As voters now begin to weigh the potential impact of a ballot proposal to increase taxes on business owners, retirees and wealthier households, a new literature review by Pioneer Institute shows that many existing academic studies find that wealthy individuals are particularly sensitive to changes in tax policy. Other studies explicitly warn policymakers that behavioral responses to taxing the rich could erode the tax base and ultimately strain state budgets.
https://pioneerinstitute.org/wp-content/uploads/Red-and-Dark-Sienna-Music-Poster-10.png 512 1024 Editorial Staff https://pioneerinstitute.org/wp-content/uploads/logo_440x96.png Editorial Staff2021-06-09 09:29:102021-06-09 09:29:10This Is No Time for a Tax Increase
This is no time to threaten Massachusetts’ prospects for an immediate economic recovery and the long-term competitiveness of the Commonwealth’s businesses. As Massachusetts lawmakers prepare to vote on whether to send a proposed constitutional amendment that would impose a 4 percent surtax on residents who earn $1 million or more in a year to the statewide ballot in 2022, Pioneer Institute urges them to recognize that tax policy sizably impacts business and job location decisions and that jobs are more mobile than ever.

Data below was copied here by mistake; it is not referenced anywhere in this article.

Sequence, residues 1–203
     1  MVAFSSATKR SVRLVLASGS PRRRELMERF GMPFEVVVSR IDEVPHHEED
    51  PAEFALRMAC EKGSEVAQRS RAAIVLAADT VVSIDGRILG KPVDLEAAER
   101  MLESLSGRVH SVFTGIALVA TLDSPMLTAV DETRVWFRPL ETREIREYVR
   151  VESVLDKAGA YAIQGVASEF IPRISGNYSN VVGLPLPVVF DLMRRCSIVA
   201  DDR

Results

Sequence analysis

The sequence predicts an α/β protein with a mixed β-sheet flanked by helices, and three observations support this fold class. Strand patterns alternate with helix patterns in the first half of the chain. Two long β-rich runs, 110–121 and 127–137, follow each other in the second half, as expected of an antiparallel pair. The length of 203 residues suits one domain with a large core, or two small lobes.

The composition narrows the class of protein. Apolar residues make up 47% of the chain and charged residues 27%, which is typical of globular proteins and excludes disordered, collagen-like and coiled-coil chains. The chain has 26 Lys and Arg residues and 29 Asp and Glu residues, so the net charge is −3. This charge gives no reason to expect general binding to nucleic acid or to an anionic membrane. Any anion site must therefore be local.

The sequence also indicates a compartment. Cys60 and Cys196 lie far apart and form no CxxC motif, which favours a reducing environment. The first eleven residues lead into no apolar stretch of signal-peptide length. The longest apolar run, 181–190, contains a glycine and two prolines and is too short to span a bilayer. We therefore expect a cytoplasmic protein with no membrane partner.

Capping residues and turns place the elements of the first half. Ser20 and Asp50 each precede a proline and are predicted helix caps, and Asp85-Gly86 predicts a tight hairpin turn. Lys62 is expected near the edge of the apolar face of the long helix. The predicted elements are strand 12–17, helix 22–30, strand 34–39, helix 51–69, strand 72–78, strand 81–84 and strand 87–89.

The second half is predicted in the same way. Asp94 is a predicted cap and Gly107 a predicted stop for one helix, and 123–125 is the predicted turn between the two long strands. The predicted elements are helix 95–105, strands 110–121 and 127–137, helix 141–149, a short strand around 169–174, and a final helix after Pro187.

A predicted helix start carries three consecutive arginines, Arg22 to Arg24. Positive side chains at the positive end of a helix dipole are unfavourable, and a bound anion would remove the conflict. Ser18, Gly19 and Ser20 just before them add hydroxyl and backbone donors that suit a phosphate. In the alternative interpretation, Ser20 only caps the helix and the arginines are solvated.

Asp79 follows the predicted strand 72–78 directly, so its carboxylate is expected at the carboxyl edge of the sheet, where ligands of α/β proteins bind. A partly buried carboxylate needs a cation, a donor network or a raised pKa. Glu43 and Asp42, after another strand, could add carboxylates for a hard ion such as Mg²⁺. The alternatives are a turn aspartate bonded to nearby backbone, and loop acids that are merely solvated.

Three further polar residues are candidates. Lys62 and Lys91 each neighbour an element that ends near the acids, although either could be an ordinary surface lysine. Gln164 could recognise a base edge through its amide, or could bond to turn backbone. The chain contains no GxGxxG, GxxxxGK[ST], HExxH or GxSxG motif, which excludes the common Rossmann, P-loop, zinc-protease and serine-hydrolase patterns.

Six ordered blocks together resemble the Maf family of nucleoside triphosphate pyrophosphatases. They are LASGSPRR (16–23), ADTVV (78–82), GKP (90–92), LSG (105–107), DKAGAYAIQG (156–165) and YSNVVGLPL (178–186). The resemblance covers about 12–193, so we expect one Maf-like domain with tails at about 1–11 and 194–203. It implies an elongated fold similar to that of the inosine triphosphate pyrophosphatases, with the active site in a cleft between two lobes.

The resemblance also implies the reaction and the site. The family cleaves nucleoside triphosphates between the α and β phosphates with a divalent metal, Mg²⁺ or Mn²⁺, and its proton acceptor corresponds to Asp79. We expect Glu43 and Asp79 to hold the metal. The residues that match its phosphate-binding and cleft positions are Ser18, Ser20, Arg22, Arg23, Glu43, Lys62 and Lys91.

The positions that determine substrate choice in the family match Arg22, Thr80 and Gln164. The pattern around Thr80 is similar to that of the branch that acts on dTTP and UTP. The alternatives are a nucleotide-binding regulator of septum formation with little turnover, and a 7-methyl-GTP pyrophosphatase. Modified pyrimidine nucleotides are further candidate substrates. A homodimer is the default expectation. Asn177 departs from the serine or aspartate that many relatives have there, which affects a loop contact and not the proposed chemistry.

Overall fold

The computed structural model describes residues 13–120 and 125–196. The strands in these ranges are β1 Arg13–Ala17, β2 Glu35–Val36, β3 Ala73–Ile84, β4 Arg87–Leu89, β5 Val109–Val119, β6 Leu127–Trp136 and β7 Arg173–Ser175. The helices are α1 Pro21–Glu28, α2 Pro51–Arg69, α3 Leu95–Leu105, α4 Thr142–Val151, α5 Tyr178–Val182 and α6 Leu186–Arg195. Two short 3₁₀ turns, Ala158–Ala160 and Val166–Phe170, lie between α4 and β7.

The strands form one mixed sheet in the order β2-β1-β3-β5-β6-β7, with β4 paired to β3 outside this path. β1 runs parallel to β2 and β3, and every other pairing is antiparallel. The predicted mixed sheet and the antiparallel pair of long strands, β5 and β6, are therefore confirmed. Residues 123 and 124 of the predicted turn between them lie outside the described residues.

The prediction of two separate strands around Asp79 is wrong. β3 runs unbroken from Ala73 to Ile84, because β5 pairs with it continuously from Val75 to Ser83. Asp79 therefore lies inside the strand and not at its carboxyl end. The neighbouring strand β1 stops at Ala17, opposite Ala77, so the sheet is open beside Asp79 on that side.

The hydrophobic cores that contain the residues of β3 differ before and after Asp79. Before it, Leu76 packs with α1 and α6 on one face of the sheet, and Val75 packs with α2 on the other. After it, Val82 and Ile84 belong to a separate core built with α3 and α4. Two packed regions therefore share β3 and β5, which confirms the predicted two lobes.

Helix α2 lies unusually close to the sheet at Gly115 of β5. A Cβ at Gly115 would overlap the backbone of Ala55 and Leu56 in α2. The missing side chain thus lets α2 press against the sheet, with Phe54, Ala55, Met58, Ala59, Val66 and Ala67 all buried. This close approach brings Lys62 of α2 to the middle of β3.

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Proponents of a state constitutional amendment to add a 4 percent surtax on all households with annual income above $1 million frequently cite 2015 data from the Institute on Taxation and Economic Policy, which argues that the Massachusetts tax code is regressive, but a new study published by Pioneer Institute debunks many of the underlying assumptions used in ITEP’s 2015 report.